Health care companies may be tricking people into Obamacare

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Aetna retreats from Obamacare

Unnamed health care providers may be steering patients towards Obamacare instead of Medicare and Medicaid, according to a release from the Centers for Medicare and Medicaid Services (CMS).

CMS, the government organization in charge of Medicare and Medicaid, solicited public comment on Thursday for instances in which health care providers, such as doctors and treatment centers, misled people towards policies on the public exchanges set up by the Affordable Care Act.

"The request for information and letters to providers focus on situations where patients may be steered away from Medicare or Medicaid benefits, which can among other concerns, result in beneficiaries experiencing a disruption in the continuity and coordination of their care as a result of changes to their network of providers," said a release from CMS.

Health care providers typically earn more from the Obamacare plans than Medicare and Medicaid, thus it is more profitable to direct patients towards the former.

"We are concerned about reports that some organizations may be engaging in enrollment activities that put their profit margins ahead of their patients' needs," said Andy Slavitt, the acting administrator of CMS, in the release.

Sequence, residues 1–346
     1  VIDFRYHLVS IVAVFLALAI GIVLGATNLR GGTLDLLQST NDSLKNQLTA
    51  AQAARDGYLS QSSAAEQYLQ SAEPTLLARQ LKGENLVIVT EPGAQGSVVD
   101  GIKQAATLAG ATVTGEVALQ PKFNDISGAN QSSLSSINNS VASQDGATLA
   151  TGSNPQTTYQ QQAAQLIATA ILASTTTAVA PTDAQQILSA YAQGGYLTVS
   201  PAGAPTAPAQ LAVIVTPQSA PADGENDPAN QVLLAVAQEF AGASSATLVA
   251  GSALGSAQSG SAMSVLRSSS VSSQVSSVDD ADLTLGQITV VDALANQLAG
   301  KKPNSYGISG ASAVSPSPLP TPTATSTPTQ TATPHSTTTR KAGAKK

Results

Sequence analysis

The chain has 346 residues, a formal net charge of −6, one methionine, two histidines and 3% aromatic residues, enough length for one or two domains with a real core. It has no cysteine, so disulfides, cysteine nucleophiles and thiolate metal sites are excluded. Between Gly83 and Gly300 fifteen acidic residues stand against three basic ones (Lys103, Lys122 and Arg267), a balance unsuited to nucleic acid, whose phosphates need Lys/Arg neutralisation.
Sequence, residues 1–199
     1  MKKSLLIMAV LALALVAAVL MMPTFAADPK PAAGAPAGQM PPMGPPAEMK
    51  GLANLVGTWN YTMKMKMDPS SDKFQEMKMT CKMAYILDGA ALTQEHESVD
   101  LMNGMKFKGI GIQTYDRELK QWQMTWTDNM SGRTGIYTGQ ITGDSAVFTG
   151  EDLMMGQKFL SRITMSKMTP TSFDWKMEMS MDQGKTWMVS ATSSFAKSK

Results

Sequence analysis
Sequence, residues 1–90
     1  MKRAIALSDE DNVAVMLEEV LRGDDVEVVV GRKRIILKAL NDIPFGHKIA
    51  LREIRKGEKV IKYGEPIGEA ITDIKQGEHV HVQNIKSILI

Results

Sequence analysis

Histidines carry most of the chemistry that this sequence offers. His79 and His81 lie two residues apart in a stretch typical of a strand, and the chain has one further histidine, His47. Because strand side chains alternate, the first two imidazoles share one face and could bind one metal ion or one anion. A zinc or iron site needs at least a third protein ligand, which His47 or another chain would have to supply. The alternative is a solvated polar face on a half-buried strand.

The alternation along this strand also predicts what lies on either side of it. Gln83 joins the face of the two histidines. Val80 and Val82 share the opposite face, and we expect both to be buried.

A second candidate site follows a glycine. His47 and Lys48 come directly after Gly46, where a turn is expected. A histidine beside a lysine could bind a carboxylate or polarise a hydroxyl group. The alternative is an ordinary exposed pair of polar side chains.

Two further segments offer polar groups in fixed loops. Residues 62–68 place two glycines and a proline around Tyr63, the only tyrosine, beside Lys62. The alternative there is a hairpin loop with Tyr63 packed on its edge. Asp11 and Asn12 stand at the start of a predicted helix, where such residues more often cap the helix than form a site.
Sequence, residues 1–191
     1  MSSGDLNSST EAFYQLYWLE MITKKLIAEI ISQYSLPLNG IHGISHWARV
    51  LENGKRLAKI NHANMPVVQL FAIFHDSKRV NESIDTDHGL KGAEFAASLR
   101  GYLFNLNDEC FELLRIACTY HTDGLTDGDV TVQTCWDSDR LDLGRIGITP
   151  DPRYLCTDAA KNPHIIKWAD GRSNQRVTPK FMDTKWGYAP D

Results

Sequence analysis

RELATED: Americans' opinions on health care and Obamacare

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2016 issues: Health, Obamacare opinions, Medicare, Abortion
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2016 issues: Health, Obamacare opinions, Medicare, Abortion
Opponents and supporters of Planned Parenthood demonstrate Tuesday, July 28, 2015, in Philadelphia. Anti-abortion activists are calling for an end to government funding for the nonprofit reproductive services organization. (AP Photo/Matt Rourke)
Anti-abortion activists demonstrate near a Planned Parenthood clinic Tuesday, July 28, 2015, in Philadelphia. The protestors are calling for an end to government funding for the nonprofit reproductive services organization. (AP Photo/Matt Rourke)
Kathy Calver listens to a speaker as she and other anti-abortion activists rally on the steps of the Texas Capitol to condemn the use in medical research of tissue samples from aborted fetuses, Tuesday, July 28, 2015, in Austin, Texas. (AP Photo/Eric Gay)
Razor grass and pro-choice signs limit the view of patients entering the Jackson Women's Health Organization clinic in Jackson, Miss., Tuesday, June 30, 2015. Mississippi's only abortion clinic will likely remain open at least until the fall, because the U.S. Supreme Court is taking no action until then on a dispute over a state law that could close it. (AP Photo/Rogelio V. Solis)
MANHATTAN, NEW YORK CITY, UNITED STATES - 2015/08/22: Assembly of some 150 anti-abortion protesters behind barricade in front of Planned Parenthood. A coalition of anti-abortion protesters protested on Mott Street in Manhattan in front of Planned Parenthood. (Photo by Andy Katz/Pacific Press/LightRocket via Getty Images)
MANHATTAN, NEW YORK CITY, UNITED STATES - 2015/08/22: Protester with Baby Doe sign in front of Planned Parenthood. A coalition of anti-abortion protesters protested on Mott Street in Manhattan in front of Planned Parenthood. (Photo by Andy Katz/Pacific Press/LightRocket via Getty Images)